Paris, Je T'Aime
Directed by Various. Starring Fanny Ardant, Ben Gazzara, Gena Rowlands, Bob Hoskins, Steve Buscemi, Marianne Faithfull, Catalina Sandino Moreno, Barbet Schroeder, Willem Dafoe, Juliette Binoche, Miranda Richardson, Natalie Portman, Rufus Sewell, Gérard Depardieu, Elijah Wood, Emily Mortimer, Maggie Gyllenhaal, Nick Nolte. (2007, R, 120 min.)
REVIEWED By Marrit Ingman, Fri., June 22, 2007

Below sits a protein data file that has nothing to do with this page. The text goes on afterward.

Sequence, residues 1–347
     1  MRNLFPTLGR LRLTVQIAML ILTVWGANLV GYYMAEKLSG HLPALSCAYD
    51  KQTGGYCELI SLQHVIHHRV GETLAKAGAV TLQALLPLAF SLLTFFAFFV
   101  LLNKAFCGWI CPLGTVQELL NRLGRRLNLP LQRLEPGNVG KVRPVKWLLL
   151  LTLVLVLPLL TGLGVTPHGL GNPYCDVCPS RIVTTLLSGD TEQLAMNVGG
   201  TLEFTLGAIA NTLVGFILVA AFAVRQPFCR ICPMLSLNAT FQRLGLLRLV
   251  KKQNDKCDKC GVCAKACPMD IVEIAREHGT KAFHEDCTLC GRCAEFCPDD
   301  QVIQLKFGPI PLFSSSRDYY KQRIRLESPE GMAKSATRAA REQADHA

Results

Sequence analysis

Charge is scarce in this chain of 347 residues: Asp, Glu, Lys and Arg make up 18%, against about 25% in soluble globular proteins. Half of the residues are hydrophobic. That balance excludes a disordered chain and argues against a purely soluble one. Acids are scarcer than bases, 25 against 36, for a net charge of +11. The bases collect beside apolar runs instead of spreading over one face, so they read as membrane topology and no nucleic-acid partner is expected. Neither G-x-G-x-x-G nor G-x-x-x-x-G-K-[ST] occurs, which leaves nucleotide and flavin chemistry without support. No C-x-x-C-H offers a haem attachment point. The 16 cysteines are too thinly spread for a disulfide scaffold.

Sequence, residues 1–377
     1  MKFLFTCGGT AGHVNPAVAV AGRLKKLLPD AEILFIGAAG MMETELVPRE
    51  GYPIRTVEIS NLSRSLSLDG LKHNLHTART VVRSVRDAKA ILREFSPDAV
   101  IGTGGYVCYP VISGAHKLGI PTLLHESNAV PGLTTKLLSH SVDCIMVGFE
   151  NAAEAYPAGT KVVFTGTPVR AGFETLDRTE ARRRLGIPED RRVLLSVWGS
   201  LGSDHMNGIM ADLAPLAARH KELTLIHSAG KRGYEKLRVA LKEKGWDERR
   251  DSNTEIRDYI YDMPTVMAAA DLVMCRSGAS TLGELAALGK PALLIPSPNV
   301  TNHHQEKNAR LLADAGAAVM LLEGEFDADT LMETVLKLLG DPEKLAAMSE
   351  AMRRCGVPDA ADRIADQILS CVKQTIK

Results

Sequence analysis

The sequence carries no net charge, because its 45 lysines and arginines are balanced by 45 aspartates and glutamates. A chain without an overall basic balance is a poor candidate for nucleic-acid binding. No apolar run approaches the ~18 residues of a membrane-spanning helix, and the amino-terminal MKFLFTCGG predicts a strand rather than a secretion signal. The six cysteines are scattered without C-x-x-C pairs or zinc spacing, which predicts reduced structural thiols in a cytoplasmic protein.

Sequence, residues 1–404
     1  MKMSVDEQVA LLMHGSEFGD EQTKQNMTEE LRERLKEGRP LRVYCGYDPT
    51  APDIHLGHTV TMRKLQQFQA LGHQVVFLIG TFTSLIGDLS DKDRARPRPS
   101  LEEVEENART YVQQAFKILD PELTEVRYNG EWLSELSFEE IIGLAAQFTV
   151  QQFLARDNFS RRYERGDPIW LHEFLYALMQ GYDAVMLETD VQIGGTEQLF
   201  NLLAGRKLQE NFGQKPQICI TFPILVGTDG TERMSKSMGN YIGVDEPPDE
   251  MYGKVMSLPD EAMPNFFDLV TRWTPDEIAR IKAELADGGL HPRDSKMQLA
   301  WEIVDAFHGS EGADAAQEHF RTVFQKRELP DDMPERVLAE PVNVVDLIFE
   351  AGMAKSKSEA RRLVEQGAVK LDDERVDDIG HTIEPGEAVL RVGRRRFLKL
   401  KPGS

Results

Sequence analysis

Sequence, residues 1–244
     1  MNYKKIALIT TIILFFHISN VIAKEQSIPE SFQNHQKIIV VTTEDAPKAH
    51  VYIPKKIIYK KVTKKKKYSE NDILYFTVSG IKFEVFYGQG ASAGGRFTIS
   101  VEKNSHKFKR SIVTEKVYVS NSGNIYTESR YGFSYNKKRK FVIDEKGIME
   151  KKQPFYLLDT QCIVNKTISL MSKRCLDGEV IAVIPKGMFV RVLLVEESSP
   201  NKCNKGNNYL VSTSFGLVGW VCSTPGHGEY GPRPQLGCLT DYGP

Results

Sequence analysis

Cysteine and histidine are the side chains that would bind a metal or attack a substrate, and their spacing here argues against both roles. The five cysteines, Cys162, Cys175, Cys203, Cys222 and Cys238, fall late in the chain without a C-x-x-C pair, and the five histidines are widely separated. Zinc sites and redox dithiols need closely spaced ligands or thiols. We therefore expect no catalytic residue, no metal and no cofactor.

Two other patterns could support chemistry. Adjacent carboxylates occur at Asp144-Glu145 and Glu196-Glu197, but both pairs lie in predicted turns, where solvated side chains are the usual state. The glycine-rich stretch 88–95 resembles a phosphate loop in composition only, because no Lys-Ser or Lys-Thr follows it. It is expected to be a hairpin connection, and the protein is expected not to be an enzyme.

Eighteen short films by an international who’s who of filmmakers make up this omnibus celebrating the joys and sorrows of love and Paris, organized by neighborhood. Filmed in myriad styles, this “collective film” is based on a concept by producer Emmanuel Benbihy and underwoven by Pierre Adenot and Marie Sabbah’s nimble score, which morphs from the bemused pizzicato of Bruno Podalydès’ sidewalk love story in Montmartre to the creepy Bernard Herrmann stylings underneath Vincenzo Natali’s sexy pop-art vampire romp in "Quartier de la Madeleine." Tom Tykwer’s lyrical short film “True” appears here as “Faubourg Saint-Denis”; anchoring the techno fast-motion montage techniques of his Run Lola Run on a standout performance by Portman, Tykwer excavates the charred remains of a relationship. Gyllenhaal, likewise, illuminates Olivier Assayas’ “Quartier des Enfants Rouges,” a gritty handheld slice of life about a heroin-smoking actress abroad that recalls the French New Wave. Sylvain Chomet’s “Tour Eiffel” throws back to Jean-Luc Godard’s jump-cut interviews but dissolves into the giddy story of mimes in love – yes, I said mimes, and you’d have to be a crusty cynical bastard not to be won over by them. A slam-dunk for cineastes, romantics, and Francophiles, Paris, Je T’Aime recommends itself more broadly but for a handful of clunkers. I’m terribly sad to single out Wes Craven’s “Père-Lachaise” for its banal relationship chatter and a premise so cockeyed – that Sewell has no sense of humor, even as he cracks wise, and must be tutored by the ghost of Oscar Wilde – there’s no emotional core underneath. Nor does master cinematographer Christopher Doyle’s Hong Kong-inspired segment in "Porte de Choisy" make a lick of sense, though it’s pretty. Alfonso Cuarón’s “Parc Monceau” carries off its gimmick – a single traveling long take – more successfully by pairing Nolte with a baby. Other highlights include Nobuhiro Suwa’s surreal but heartbreaking segment, which brings a cowboy on horseback – conjured from the fantasies of her dead son – into the middle of Place des Victoires with a grieving mother (Binoche). Alexander Payne’s “14ième Arrondissement” begins as a goof on lumpy, frumpy American tourists (Jacksonville native Margo Martindale) but ends the collection on a sublime, wistful note.